Friday, April 13, 2007

Happy Birthday, Thomas Jefferson

By Gen LaGreca
April 13, 2007

On April 13 every American should remember one of our greatest Founding Fathers, born that spring day in 1743: Thomas Jefferson. This farmer, scholar, and statesman lovingly carved the government and character of his precious gem, America. He penned the stirring words on the parchment that is the soul of America, "The Declaration of Independence." Do we—and our officials—today understand its meaning?

The "Declaration" launched the first country ever based on people's unalienable rights. According to Jefferson, these rights are "derived from the laws of nature" and not "the gift of their Chief Magistrate." No tyrant—nor any majority vote in Congress—can violate them.

Rights belong to individuals. There are no “rights” of groups. If pizza eaters lobby Congress for a "right" to a free pizza every Thursday, and if Congress, out of concern for their nourishment or their votes, grants their wish, it acts illegitimately. In Jefferson's words: "Congress has not unlimited powers to provide for the general welfare but only those specifically enumerated [in the Constitution]."

Our rights to life, liberty, property, and the pursuit of happiness are rights to act, not entitlements to free goods and services. Jefferson defined liberty as "unobstructed action according to our will within limits drawn around us by the equal rights of others." This means we may earn money and buy a house, but we may not expect the government to seize taxpayers' money to provide us with a house for free. Life requires effort, a fact Jefferson considered our glory. When his farm fell on hard times, he proudly manufactured nails, saying "every honest employment is deemed honorable [in America]. . . . My new trade of nail-making is to me in this country what an additional title of nobility . . . [is] in Europe." What would he think of today's innumerable handouts to special interest groups, rewarding people for non-effort?

Does one citizen have less of an inviolable right than another? Does a rich person, for example, have less of a right to property than a poor one? According to Jefferson: "To take from one because it is thought his own industry . . . has acquired too much, in order to spare others who have not exercised equal industry and skill is to violate the first principle of association, the guarantee to everyone the free exercise of his industry and the fruits acquired by it." What would he think of today's cries to "tax the rich," depriving them of their Constitutional rights?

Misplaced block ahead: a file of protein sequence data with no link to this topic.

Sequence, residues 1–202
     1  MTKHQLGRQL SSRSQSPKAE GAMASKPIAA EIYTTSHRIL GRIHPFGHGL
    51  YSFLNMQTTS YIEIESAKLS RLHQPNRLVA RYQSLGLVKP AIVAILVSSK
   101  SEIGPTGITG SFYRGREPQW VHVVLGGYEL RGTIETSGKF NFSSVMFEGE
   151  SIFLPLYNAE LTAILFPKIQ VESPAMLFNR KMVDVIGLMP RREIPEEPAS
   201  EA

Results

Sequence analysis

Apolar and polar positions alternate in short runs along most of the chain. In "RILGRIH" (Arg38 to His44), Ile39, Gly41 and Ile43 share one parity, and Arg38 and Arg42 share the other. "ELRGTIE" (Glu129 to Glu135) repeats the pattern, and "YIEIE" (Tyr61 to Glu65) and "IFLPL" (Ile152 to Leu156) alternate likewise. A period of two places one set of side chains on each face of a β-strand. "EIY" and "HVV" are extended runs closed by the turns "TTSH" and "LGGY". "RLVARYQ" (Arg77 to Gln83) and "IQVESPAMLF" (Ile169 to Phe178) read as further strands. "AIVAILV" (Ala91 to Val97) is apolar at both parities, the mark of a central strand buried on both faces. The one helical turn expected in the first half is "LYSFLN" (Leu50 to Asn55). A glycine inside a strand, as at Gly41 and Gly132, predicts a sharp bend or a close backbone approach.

Jefferson ardently championed spiritual autonomy. His "Bill for Establishing Religious Freedom" in Virginia was an achievement he had etched on his tombstone. The bill stopped the practice of paying clergy with public funds because "to compel a man to furnish . . . money for the propagation of opinions which he disbelieves is sinful and tyrannical." Jefferson was "against all maneuvers to bring about a legal ascendancy of one sect over another." What would he think of today's faith-based initiatives, allocating taxpayers' money to religious organizations, and attempts by elected officials to dictate public policies based on faith?

Governments are instituted solely to protect our rights from violation by force or fraud, apprehending perpetrators who pick our pockets or break our legs; otherwise, government stays out of our lives. Wise government, explains Jefferson, "shall refrain men from injuring one another, shall leave them otherwise free to regulate their own pursuits of industry and improvement, and shall not take from the mouth of labor the bread it has earned." What would he think of today's 150,000-page Code of Federal Regulations and endless agencies that swallow 40 percent of our national income?

Thomas Jefferson by Donald De Lue (1975)

Jefferson believed citizens capable of self-government because they possess reason. "Fix reason firmly to her seat and call to her tribunal every fact, every opinion." He expected people to use their minds to control their own lives. He gently chastised his teenage daughter when she relied on her teacher's help to read an ancient text. "If you always rely on your master, you will never be able to proceed without him. It is part of the American character to consider nothing as desperate—to surmount every difficulty . . . " What would Jefferson think of today's entitlement programs, which destroy our capacity to think and act for ourselves, and transform us into helpless dependents?

Today Jefferson's jewel, a country where individuals live free and pursue their happiness unencumbered by the state, is losing its brilliance. Officials who can't tell a diamond from a rhinestone hammer away at our rights. The way to honor Thomas Jefferson—and ourselves—is to rescue liberty and live up to the ideals for which he, as a signer of the "Declaration," pledged his life, his fortune, and his sacred honor.

Genevieve LaGreca holds a master's degree in philosophy from Columbia University and is the author of "Noble Vision," a ForeWord magazine Book-of-the-Year award-winning novel about liberty.

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